We haven’t been allowed enough dry weather recently to make a hike feasible. The deluge of a couple of weeks ago left the Congaree trails flooded, so I thought it best to wait on those. So when Easter Sunday rolled around with some decent weather (warm and “sunny” through constant chem-trailing) Donna and I decided to hike somewhere. After all our work-outs, we were feeling stronger than we have in ages, so we’ve been itching to see how well we can handle the local trails. Our last outing was the Little Gap Trail back in February, but that was only a couple of miles and wanted something more challenging. The trails at Poinsett State Park seemed a good choice.
Poinsett is about an hour’s drive from home, is on the edge of Manchester State Forest, and offers several trails from 1.7 to 6.2 miles in length. Of course, they all intersect so your actual hike length will likely be longer. In fact, since they do intersect, it’s no problem to plan a hike of about any length you want to try. That was apparent to us from speaking with the park ranger at the renovated park office and gift shop.
Based on the ranger’s recommendations, we decided to create our own hike by following the Scout Trail to the Cowasee Trail, then follow the Whipoorwill Trail back to the Scout, and then back to the park office.
We reached the park in the early morning and found a number of groups beginning their Easter Sunday around the lake. Many that looked to be preparing for hikes and mountain bike excursions, so I expected we’d have company on the trail. They must have hit different trails, though, because we only passed one other person (though we saw others at a distance).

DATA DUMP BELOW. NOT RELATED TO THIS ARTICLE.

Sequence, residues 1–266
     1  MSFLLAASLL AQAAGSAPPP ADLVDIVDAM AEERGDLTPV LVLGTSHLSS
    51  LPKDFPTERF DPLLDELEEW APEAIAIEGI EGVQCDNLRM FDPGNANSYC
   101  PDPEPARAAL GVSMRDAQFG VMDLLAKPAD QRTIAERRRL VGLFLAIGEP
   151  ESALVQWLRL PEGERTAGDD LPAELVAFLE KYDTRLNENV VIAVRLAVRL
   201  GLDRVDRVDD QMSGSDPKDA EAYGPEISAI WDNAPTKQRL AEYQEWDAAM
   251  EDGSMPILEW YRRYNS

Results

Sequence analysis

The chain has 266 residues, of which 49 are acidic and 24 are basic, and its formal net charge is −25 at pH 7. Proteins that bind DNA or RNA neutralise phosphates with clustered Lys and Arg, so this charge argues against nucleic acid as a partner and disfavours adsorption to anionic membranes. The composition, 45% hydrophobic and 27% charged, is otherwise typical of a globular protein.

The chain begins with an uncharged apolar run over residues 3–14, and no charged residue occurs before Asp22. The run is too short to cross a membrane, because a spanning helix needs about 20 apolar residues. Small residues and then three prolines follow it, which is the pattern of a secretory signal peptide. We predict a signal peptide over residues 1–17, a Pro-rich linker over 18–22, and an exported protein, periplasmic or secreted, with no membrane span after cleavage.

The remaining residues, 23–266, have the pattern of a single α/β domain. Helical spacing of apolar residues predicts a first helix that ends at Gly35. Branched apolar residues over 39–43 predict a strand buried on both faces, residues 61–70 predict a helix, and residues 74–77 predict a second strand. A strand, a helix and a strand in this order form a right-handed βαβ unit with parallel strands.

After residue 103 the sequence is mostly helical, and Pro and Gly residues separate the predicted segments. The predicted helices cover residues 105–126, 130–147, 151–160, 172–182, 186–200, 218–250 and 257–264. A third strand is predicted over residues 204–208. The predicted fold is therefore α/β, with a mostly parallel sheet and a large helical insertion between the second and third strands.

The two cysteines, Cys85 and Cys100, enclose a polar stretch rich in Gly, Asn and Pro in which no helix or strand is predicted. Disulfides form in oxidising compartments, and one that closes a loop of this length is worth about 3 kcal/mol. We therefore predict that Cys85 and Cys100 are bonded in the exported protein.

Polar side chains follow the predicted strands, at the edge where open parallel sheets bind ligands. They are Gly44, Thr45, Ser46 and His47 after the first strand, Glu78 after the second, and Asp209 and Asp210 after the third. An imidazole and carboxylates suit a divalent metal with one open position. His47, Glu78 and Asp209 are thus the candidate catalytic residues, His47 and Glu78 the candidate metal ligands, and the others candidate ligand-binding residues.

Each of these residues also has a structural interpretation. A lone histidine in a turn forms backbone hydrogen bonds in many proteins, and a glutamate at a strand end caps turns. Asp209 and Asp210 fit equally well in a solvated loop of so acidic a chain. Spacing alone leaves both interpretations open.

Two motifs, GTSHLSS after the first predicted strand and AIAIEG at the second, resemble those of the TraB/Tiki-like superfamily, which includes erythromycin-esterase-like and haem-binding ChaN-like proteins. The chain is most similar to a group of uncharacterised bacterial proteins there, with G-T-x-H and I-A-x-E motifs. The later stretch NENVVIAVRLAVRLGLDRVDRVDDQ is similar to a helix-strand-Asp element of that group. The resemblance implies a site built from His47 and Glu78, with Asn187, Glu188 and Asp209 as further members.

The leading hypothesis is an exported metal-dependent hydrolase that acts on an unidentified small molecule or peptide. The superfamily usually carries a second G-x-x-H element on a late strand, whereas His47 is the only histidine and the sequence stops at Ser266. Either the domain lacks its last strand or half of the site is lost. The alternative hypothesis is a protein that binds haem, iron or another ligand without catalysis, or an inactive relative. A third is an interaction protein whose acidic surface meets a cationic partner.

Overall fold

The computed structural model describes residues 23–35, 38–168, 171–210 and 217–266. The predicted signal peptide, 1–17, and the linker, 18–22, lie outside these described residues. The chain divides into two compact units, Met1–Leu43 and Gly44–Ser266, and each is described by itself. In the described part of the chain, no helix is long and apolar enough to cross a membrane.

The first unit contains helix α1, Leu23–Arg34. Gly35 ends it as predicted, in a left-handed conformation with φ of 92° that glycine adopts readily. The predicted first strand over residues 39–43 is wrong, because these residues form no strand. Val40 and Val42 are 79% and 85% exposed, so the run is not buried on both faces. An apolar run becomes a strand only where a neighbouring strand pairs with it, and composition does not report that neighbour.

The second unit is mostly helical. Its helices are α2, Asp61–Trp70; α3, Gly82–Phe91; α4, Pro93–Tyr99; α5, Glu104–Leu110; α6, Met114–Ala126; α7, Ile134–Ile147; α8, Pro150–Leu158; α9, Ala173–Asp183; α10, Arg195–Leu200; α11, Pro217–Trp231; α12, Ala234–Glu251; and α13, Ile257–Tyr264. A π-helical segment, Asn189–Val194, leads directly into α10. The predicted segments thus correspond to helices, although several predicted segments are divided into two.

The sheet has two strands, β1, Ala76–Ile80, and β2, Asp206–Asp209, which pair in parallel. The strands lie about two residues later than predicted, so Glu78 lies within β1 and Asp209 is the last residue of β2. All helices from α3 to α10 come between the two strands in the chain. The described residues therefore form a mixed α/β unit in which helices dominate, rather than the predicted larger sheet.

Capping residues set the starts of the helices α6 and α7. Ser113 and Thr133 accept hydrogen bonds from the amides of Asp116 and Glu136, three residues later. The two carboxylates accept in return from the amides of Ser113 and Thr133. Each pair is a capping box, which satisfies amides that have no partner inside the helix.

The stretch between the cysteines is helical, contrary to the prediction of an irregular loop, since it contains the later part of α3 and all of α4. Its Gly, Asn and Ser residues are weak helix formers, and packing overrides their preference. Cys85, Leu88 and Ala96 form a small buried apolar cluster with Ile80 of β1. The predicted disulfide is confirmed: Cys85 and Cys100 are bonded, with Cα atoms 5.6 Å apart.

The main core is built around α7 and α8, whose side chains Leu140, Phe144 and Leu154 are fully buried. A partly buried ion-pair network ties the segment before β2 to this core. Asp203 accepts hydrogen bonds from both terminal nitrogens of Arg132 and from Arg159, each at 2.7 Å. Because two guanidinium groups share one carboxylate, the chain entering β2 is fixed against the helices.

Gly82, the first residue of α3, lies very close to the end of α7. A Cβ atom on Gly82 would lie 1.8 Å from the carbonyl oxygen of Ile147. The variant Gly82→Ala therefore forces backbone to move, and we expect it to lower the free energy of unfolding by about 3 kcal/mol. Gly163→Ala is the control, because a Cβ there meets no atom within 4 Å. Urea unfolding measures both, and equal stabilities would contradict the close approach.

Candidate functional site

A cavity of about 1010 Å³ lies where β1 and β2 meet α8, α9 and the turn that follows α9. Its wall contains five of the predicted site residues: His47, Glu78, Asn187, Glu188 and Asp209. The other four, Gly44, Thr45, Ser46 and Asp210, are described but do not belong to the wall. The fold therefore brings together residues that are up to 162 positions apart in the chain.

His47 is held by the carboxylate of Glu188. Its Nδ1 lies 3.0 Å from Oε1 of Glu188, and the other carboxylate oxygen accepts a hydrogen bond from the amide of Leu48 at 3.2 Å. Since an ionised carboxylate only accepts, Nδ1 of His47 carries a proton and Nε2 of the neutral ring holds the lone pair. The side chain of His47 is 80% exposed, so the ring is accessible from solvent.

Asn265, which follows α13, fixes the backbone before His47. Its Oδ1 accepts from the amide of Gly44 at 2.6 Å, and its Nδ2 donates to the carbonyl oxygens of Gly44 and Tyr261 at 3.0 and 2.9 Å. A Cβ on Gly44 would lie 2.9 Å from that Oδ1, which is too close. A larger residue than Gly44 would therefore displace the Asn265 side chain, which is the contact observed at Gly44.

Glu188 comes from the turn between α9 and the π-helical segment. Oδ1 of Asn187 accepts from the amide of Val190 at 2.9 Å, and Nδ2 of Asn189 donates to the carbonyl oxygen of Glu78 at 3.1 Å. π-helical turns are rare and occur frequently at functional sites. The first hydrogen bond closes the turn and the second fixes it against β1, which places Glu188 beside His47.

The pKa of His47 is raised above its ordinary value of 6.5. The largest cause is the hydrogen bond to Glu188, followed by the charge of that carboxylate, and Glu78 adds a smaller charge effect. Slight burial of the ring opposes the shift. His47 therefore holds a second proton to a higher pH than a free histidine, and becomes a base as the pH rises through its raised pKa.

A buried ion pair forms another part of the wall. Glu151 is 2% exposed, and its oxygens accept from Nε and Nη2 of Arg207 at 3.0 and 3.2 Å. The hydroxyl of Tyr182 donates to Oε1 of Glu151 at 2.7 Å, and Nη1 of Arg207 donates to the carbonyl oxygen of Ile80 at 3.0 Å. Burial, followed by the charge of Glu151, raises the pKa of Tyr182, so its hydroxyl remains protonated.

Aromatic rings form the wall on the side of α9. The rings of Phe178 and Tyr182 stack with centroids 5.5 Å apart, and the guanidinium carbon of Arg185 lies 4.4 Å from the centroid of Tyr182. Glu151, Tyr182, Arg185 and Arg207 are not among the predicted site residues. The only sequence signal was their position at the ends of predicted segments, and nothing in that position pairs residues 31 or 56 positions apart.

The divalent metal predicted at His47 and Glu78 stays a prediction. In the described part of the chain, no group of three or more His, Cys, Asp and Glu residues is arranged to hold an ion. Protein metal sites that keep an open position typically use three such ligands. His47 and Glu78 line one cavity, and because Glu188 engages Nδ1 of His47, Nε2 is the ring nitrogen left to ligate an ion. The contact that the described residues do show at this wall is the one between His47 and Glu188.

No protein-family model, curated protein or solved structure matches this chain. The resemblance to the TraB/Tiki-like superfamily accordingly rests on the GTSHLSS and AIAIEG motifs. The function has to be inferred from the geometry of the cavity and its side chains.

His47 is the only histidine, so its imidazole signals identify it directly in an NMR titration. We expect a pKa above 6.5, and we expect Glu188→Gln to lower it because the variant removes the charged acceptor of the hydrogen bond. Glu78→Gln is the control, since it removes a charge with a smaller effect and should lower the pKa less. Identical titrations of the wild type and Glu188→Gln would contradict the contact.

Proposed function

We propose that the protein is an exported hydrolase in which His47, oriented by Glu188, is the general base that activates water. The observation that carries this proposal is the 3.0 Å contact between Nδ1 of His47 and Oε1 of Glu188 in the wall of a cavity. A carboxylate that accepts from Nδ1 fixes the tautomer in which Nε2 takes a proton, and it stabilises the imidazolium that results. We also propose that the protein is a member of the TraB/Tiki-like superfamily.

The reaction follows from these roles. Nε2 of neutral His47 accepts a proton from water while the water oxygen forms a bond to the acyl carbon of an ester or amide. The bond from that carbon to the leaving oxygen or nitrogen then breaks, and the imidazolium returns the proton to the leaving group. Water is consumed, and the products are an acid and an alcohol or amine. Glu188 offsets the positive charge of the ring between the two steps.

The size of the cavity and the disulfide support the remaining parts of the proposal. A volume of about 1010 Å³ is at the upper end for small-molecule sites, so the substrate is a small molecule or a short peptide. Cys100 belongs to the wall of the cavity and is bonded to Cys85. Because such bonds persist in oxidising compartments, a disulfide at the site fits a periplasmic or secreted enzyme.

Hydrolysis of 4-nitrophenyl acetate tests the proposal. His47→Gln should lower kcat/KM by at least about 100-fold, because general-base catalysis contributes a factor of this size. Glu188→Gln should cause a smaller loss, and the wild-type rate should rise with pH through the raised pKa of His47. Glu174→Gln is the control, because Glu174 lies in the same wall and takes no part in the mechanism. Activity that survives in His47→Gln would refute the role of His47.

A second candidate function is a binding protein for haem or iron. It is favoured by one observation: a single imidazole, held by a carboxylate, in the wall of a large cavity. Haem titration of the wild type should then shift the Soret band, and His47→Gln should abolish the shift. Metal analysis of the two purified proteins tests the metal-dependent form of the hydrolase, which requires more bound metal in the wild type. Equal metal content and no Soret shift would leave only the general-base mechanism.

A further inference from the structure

The trails struck me as being recently maintained. They were cleared, most were narrow, and the way was well-marked with recently painted, color-coded blazes (which were paint swatches on trees and not “nailed on” markers). Sections of forest were draped in Spanish Moss, creating a garden-like environment.
We took the trails with a feeling of fortitude, never wearing out and enjoying the physical challenge without being overcome by it. We rested, but never collapsed. We maintained a good pace (2.5mph), scaring up a couple of small snakes that we never saw but only noted their scurry through the leaf litter.
The neat point of the hike was our discovery of the primitive camping area. It was a wide expanse with picnic tables and a couple of fire pits (and there may have been more). It was bordered by trails and offered very many good spots to pitch tents. Since you would have to hike into the area, it would also offer a feel for back-country camping. We decided this would be a great place to make our first camping expedition.
As I said, the trails were well-marked and color-coded so we had no problem determining which trail we were on. The trail map and the compasses on our little survival bracelets kept us oriented. Still, we got turned around at the last and ended up walking the paved road back to the parking lot.
All-in-all, I really liked Poinsett. I thought it a good compromise between the “wilderness” of a state or national forest and park conveniences. The large trail network and camping opportunities also put it high on my list for local hikes. We’ll go back.
As for fitness, we handled those four miles and 200 foot elevation change with vigor. Though I was somewhat stiff the next day, I was never drained or hurting to the point I couldn’t move. Donna was the same. I took from the hike, the inspiration to keep doing this, upping the challenge and moving towards some yet-to-be-determined goal.